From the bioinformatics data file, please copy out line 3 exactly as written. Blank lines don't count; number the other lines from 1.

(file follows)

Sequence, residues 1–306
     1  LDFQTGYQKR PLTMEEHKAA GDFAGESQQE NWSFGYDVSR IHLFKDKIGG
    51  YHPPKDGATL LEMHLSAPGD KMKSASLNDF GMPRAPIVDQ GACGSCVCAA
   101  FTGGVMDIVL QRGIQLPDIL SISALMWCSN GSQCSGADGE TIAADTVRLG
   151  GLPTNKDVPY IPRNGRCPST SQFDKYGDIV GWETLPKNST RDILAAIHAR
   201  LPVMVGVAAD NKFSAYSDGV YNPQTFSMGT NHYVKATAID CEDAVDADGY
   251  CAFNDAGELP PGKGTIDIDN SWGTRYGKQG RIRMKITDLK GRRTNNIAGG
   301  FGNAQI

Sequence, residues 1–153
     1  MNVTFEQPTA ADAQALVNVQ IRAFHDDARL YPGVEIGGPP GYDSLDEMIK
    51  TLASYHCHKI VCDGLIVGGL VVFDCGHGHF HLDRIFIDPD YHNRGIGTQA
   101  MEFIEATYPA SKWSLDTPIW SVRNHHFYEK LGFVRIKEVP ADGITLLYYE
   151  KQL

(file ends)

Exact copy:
    51  YHPPKDGATL LEMHLSAPGD KMKSASLNDF GMPRAPIVDQ GACGSCVCAA